Yes, it’s the “worse day of his life” but it doesn’t call for a complete overhaul of Brazil’s system or mentality (the actual players’ mentality? Probably).

From SkySports:

“I don’t agree that we’re behind from a strategic standpoint. This was my third loss. But this was the worst loss,” he said.

“Should we have to reinvent our team after one game? Half this team will play at WC 2018. At least 13, 14, 15 of them will be in 2018.

“What happened today had little to do with how we had been playing. We lost control… that’s not normal but it happens.”

Fact 1: Big absences

Let’s start with the obvious: Brazil was missing two of perhaps the Top 10 players in the world. While that doesn’t excuse a six-goal drubbing, the absence of Thiago Silva and Neymar clearly sapped the strength of a mentally-weak side that was far from in form.

Phrased differently: when you’re holding your injured superstar’s jersey in the Starting XI photo and wearing hats lamenting his absence, things aren’t off to a positive start. This was a tough injury to a soccer play, not the imprisonment of a political hero on unjust grounds.

Strategically, Brazil had to contend with factors that would’ve made it difficult to top any strong team, let alone a humming machine like Germany. Neymar was their only elite finisher, and was on form, while Thiago allows David Luiz a lot of freedom (something we’ll see shine this year at PSG). Without them, Scolari was already swimming upstream.

Fact 2: Still really good

Anyone remember the 2013 Confederations Cup last summer in Brazil? The host nation thumped the competition with a 5-0 record and 14-3 in goals. They beat Japan 3-0, Mexico 2-0, Italy 4-2, Uruguay 2-1 and Spain 3-0. That’s not so bad.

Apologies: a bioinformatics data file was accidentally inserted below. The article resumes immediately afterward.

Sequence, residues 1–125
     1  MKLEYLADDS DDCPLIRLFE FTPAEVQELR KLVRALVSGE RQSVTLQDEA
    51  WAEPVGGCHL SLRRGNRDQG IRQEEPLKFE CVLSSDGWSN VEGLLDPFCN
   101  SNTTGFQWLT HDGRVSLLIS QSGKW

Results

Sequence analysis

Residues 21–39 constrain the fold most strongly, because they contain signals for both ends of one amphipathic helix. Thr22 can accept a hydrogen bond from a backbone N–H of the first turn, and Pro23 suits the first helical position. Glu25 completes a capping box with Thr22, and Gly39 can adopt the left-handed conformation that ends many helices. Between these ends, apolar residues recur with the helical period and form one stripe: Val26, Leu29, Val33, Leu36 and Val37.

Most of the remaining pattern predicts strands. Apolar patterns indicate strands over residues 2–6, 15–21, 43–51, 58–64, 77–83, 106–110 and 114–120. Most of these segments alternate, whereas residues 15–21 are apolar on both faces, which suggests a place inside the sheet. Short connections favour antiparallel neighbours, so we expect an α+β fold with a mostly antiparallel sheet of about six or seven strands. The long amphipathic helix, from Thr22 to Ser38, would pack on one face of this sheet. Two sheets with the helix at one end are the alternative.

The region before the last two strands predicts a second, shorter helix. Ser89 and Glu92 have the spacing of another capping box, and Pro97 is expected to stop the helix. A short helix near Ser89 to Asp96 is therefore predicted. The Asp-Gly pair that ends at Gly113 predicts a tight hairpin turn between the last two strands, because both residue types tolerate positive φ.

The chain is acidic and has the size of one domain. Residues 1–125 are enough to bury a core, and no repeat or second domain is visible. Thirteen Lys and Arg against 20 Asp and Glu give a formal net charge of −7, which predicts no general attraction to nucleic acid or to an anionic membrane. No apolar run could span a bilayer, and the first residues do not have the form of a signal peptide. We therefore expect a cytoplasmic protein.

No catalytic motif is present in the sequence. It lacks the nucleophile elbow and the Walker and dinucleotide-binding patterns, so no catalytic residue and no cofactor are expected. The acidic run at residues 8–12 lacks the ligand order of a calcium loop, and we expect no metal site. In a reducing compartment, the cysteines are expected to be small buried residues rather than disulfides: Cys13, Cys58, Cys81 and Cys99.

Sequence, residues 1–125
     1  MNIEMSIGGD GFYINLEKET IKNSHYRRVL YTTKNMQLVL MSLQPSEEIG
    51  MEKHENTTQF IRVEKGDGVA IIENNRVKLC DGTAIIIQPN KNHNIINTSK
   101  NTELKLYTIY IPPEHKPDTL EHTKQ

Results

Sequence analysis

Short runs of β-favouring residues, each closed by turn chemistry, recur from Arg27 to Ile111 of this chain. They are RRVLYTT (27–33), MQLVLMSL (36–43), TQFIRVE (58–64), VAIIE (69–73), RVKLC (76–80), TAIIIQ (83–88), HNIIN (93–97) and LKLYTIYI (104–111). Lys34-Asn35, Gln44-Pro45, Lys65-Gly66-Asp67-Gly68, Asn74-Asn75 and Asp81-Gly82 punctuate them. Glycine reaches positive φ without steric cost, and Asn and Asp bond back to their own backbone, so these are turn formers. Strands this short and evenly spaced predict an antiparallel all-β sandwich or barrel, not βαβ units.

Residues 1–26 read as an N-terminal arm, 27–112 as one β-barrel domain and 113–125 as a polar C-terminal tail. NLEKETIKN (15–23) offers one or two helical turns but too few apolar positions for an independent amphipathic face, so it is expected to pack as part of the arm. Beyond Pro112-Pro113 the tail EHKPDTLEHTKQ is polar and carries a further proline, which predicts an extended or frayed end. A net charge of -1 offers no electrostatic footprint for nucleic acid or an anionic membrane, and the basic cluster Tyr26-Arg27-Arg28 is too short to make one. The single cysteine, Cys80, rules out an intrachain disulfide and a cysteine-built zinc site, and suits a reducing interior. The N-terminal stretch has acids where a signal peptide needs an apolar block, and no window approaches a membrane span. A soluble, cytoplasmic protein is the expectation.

Their U-23 team finished second at the 2012 Olympics, losing only the final to Mexico in claiming silver. They’ve lost once since August, a 1-0 friendly loss at Swizerland, and are fine.

Except for that whole 7-1 thing.

Fact 3: Scolari chose… poorly (or had choices limited)

Bizarre in a match without Thiago and Neymar that Scolari would omit veterans Ramires and Dani Alves from the Starting XI, and opt against Willian and Paulinho.

But the bigger point is that in a tournament where intensity and form mattered, here is a list of players the manager did not choose for the roster (whether via inability or simply selection). Some weren’t coming off banner years, while others certainly were:

Rafinha (Bayern Munich)

Miranda (Atletico Madrid)

Filipe Luis (Atletico Madrid)

Lucas Moura (PSG)

Sandro (Tottenham Hotspur)

Alexandre Pato (Sao Paolo)

Rafael da Silva (Manchester United)

Fact 4: Weird run-up

Every host nation deals with the hassle of preparing for a major tournament without any intense qualifying bouts, and Brazil’s schedule was a bizarre one.

Brazil tried to schedule some intensity between the Confederations Cup and the World Cup, but you can’t replicate desperation. The style Brazil played allowed them to crush Australia 6-0 and Portugal 3-1. They topped Chile 2-1 in a November friendly and beat Panama and Serbia easily in two run-up matches to the World Cup.

But when the ball kicked for the tournament, they never found their stride outside of Neymar. The Croatia win was controversial, the Mexico draw showed no finish, Cameroon may have been throwing the dang thing and both Chile and Colombia can argue that they deserved wins.

This tournament was in Brazil, but it was not their property.

Finally…

Brazil got destroyed by Germany on Tuesday. They also hadn’t lost at home in the better part of four decades. Don’t send them to the scrap heap just yet.